Barrett’s Oesophagus

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Last updated: April 21, 2022
Revisions: 37

Last updated: April 21, 2022
Revisions: 37

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Barrett’s oesophagus refers to metaplasia of the oesophageal epithelial lining, whereby normal stratified squamous epithelium is replaced by simple columnar epithelium.

The prevalence ranges from 0.5-2% in the Western world. Around 10% of patients with gastro-oesophageal reflux disease (GORD) will have already developed Barrett’s oesophagus by the time they seek medical attention.

In this article, we shall look at the causes, clinical features and management of Barrett’s oesophagus.


Metaplasia is the abnormal reversible change of one cell type to another. In Barrett’s oesophagus, the normal stratified squamous layer of the oesophagus is replaced by simple columnar (glandular) epithelium (as present in the stomach).

The vast majority of cases are caused by chronic gastro-oesophageal reflux disease. The epithelium of the oesophagus becomes damaged by the reflux of gastric contents, resulting in a metaplastic transformation. This in turn increases the risk of developing dysplastic and neoplastic changes.

The distal oesophagus is most commonly affected. Diagnosis relies on biopsy, demonstrating the presence of simple columnar epithelium within the oesophagus.

Fig 1 - Barrett's oesophagus at the GOJ, showing gastric acinar metaplasia on the left and oesophageal stratified squamous epithelium on the right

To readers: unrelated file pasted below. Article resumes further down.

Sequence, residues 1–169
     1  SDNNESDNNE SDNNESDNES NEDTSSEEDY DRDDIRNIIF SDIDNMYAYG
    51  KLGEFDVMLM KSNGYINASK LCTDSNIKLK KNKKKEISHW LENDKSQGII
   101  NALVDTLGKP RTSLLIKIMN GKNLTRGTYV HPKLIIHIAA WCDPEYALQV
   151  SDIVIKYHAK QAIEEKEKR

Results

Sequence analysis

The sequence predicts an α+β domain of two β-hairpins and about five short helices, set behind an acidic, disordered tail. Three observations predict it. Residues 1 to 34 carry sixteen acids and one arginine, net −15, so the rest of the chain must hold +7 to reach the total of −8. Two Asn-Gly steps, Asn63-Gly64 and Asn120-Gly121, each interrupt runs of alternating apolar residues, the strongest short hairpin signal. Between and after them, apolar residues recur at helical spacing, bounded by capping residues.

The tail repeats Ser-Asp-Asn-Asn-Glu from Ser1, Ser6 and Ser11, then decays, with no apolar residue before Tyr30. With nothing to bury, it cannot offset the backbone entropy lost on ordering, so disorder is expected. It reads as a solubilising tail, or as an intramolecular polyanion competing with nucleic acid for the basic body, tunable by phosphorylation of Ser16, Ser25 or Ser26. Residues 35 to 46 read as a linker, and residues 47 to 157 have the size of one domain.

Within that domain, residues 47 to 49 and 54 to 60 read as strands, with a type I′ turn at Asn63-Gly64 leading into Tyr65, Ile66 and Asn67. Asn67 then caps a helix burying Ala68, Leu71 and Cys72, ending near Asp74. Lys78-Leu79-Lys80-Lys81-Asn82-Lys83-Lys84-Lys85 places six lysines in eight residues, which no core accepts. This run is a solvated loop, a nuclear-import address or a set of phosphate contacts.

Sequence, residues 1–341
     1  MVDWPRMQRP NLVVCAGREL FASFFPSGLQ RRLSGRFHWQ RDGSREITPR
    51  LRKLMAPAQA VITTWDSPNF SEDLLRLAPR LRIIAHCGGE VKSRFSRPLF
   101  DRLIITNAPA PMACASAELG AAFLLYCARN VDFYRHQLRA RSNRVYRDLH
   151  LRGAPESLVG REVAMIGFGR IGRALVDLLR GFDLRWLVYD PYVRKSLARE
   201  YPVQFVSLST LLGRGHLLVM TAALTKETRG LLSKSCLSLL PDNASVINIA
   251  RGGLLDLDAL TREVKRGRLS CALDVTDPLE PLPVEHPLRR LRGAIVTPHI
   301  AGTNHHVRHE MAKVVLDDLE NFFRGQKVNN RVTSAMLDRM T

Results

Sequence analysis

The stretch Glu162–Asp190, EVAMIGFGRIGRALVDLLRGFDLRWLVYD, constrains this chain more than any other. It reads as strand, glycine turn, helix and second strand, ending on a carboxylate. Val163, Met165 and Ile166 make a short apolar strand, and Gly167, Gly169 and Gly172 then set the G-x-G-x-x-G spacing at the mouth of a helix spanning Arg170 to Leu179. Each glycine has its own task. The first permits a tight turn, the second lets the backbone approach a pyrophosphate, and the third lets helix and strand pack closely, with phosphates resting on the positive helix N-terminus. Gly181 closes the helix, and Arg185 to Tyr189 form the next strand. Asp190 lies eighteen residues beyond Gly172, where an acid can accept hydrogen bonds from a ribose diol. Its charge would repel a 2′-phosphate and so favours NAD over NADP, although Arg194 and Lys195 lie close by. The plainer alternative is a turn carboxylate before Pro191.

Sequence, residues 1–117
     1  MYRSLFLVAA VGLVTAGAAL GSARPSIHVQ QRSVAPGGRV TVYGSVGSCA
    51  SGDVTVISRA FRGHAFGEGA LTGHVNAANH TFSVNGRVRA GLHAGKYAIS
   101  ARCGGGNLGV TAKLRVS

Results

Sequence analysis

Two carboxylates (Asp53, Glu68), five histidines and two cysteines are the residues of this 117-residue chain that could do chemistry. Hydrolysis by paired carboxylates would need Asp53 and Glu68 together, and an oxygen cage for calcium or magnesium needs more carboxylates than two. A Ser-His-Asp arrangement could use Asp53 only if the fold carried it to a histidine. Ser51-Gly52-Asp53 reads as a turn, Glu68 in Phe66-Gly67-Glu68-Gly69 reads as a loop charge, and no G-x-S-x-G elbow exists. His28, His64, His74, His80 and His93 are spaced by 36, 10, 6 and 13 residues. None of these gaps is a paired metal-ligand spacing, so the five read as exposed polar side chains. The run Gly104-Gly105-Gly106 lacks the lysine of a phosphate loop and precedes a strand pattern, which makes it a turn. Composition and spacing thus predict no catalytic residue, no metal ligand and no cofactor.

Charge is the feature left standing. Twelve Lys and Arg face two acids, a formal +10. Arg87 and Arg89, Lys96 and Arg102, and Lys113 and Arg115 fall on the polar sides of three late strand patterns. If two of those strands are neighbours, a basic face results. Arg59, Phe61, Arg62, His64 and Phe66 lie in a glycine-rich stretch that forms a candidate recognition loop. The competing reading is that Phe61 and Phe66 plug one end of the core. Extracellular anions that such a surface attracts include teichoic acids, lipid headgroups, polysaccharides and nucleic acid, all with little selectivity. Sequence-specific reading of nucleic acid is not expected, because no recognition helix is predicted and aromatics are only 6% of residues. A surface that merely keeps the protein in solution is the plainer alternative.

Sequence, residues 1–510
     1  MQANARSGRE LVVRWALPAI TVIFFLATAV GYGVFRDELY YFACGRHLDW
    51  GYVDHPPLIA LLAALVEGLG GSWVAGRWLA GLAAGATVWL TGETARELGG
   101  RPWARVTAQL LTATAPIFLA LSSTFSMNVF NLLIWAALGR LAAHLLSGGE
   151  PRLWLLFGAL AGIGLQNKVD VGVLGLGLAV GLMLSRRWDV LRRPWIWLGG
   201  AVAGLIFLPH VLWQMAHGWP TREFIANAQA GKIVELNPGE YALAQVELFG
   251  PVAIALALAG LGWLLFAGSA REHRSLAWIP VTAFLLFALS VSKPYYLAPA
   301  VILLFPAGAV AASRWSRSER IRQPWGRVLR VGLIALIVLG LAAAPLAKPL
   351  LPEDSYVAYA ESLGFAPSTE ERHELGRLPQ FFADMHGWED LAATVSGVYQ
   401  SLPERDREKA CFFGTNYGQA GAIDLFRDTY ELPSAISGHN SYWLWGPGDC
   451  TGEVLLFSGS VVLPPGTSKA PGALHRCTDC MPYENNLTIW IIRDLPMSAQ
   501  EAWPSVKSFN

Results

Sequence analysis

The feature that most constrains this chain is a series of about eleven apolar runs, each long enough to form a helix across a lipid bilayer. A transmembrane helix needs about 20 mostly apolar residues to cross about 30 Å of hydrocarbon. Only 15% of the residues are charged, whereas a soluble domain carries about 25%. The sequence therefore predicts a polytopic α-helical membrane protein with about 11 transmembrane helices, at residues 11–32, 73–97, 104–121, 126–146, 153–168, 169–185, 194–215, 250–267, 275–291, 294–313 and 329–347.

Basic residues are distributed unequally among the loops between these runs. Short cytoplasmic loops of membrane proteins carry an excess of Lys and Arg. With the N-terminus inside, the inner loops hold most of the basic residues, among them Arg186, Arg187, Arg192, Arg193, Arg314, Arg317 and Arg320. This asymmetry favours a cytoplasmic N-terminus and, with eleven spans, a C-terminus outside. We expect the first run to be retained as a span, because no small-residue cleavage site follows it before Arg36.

Figure 1 – Barrett’s oesophagus at the GOJ, showing gastric acinar metaplasia (on the left) and oesophageal stratified squamous epithelium (on the right)

Risk Factors

The risk factors for developing Barrett’s oesophagus include Caucasian ethnicity, male gender, age >50yrs, smoking, obesity, and the presence of hiatus hernia.


Barrett’s oesophagus is a histological diagnosis. Patients who undergo upper GI endoscopy for chronic or resistant GORD (or to exclude malignancy) should have a biopsy taken of the oesophageal epithelium and sent for histological analysis.

At endoscopy, the oesophagus appears red and velvety in cases of Barrett’s oesophagus (FIg. 2), with some preserved pale squamous islands.

Fig 2 - The endoscopic appearance of Barrett's oesophagus.

Figure 2 – The endoscopic appearance of Barrett’s oesophagus


All patients with Barrett’s oesophagus should be commenced on a proton-pump inhibitor (typically starting at a high dose and twice daily).

Any medication that impacts the stomach protective barriers (such as NSAIDs) should be stopped. In addition, the patient should be provided with lifestyle advice, including reduced alcohol intake and weight loss.

The major risk of Barrett’s oesophagus is progression to adenocarcinoma. Therefore, all patients with confirmed Barrett’s oesophagus must undergo regular endoscopy (Table 1).  The frequency of this depends on the degree of dysplasia identified by the biopsies (if any).




No dysplasia Every 2 to 5 years
Low grade dysplasia Every 6 months Repeat endoscopy with quadrantic biopsies every 1cm
High grade dysplasia Every 3 months If a visible lesion is present, endoscopic ablation with mucosal resection (EMR) or radiofrequency ablation should be considered

Table 1 – Example timetable of surveillance endoscopy needed for Barrett’s oesophagus


High grade dysplasia has a high risk of progressing to cancer so should be resected with endoscopic mucosal resection (EMR) or endoscopic submucosal dissection (ESD).

Adenocarcinomas detected on routine screening for Barrett’s oesophagus are typically early-stage lesions and have a better prognosis than those discovered outside of any screening program.

Key Points

  • Barrett’s oesophagus is a metaplasia of the oesophageal epithelial lining and is a purely histological diagnosis
  • Severity is determined by length and degree of dysplasia
  • Most cases will just undergo surveillance endoscopy, however higher grade lesions may warrant endoscopic mucosal resection or other surgical intervention